BILLINGS — The nation's hospitals, the front line in the battle against the coronavirus, are in line to get more than $50 billion in federal dollars from Congress' CARES ACT to help respond to the coronavirus pandemic.
But so far, those dollars have been slow to arrive in Montana and elsewhere, and now a new study reveals hospitals that primarily serve the poor got the smallest share of the money.
The study by the Kaiser Family Foundation included data from 4,542 hospitals nationwide. The bottom line: Congress based the CARES Act financial help on a hospital's revenue rather than a hospital's need.
The result is a sharp disparity between hospitals that serve a majority of private insurance patients, versus those with a high percentage of uninsured patients.
Boiled down to per-bed costs, hospitals with a high percentage of private payees received as much as $44,321 per bed. Hospitals doing more charity work and serving as teaching facilities received less than half of that, or $20,710 per bed.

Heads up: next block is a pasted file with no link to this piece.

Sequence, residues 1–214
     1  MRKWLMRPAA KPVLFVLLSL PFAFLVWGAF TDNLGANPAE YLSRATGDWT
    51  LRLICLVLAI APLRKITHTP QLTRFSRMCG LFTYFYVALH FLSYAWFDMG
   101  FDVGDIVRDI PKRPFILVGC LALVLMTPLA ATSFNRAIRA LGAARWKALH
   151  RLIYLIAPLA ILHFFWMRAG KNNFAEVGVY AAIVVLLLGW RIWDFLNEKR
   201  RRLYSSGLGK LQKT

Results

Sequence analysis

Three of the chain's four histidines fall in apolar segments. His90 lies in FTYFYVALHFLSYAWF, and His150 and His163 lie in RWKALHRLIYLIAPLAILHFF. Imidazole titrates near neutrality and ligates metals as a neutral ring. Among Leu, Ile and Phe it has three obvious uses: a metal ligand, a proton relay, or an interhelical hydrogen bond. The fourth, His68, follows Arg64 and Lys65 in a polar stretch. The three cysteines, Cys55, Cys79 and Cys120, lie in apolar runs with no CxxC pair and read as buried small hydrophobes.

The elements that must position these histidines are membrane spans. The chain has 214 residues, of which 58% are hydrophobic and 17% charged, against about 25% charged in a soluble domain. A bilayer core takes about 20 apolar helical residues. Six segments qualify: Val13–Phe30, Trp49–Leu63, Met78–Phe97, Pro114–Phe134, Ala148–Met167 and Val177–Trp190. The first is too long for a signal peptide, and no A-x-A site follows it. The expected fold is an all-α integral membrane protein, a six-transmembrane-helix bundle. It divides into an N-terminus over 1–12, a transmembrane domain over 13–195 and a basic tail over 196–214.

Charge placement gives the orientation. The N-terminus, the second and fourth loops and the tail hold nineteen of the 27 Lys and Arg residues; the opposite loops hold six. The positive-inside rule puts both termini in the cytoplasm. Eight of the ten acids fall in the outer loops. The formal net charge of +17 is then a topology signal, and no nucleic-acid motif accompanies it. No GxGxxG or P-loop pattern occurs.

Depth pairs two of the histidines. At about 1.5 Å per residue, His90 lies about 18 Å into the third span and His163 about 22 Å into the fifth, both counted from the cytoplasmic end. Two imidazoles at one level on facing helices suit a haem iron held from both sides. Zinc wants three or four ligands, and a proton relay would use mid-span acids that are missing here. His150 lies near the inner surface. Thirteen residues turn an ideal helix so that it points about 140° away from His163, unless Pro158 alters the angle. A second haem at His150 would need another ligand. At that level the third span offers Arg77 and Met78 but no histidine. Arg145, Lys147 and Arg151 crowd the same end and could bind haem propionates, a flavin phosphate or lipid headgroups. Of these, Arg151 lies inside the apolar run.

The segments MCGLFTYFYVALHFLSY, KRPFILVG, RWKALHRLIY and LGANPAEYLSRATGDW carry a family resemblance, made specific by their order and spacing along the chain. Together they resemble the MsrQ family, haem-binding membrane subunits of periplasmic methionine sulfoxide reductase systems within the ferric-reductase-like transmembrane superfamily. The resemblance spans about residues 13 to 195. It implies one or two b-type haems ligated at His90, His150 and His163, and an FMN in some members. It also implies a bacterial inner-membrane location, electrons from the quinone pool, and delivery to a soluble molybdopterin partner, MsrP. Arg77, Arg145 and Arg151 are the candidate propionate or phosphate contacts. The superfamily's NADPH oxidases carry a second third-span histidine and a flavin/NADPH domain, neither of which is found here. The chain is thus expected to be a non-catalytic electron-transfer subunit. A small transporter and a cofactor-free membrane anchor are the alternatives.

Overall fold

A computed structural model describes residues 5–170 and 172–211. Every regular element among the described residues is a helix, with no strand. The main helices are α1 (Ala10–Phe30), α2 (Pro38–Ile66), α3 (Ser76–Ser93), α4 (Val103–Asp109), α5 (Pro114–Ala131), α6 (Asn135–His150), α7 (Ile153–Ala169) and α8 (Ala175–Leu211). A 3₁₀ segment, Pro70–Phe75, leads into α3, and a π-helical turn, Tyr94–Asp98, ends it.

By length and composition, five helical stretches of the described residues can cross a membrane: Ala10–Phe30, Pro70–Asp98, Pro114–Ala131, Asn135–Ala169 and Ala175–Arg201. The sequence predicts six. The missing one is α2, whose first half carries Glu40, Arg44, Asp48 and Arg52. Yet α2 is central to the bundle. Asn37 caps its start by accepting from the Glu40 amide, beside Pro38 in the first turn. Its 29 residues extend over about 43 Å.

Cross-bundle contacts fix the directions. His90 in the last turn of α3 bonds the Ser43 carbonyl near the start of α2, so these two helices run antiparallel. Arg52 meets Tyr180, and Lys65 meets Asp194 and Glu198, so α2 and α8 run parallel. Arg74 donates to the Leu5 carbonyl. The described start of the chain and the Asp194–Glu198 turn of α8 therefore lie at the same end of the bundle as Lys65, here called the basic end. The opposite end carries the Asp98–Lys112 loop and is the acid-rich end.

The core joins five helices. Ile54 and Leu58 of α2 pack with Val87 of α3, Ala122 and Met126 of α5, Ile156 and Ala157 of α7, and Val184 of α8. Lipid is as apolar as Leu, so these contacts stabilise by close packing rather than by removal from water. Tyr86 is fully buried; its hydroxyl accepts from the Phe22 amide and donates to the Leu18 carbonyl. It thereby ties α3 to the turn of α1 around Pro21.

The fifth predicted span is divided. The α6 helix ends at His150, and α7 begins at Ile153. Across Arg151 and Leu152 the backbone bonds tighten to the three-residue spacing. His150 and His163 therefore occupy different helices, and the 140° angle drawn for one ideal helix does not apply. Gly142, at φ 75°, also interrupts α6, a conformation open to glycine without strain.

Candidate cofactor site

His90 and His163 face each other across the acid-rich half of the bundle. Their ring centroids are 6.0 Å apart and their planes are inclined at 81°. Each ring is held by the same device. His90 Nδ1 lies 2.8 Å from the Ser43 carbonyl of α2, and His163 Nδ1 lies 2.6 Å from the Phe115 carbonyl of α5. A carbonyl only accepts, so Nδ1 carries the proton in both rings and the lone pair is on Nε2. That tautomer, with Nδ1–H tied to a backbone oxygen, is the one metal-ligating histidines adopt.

In Montana's case, it's a slightly different scenario, but it also appears the CARES ACT dollars may have missed their mark.
"We had the lowest distribution in this latest run of any state in the country, and we also happen to have the lowest incidence of disease," said Rich Rasmussen, President & CEO of the Montana Hospital Association. "We took on a lot of expense, made major adjustments to operations to bring in the best approaches in public health, and we were successful in keeping the disease out of this state. But it didn't come without a cost, and unfortunately, the flow of dollars has really penalized highly efficient states like Montana."
As Montana hospitals prepared to deal with COVID-19 cases and canceled all elective surgeries, their costs went up, while much of their revenue dried up.
Meanwhile. in Washington, D.C., there is growing frustration among lawmakers over how long it's taken to disburse the CARES ACT dollars.
Politico magazine reports that as many as 1,900 health care centers across the country have been forced to temporarily close, waiting for their share of Cares Act dollars.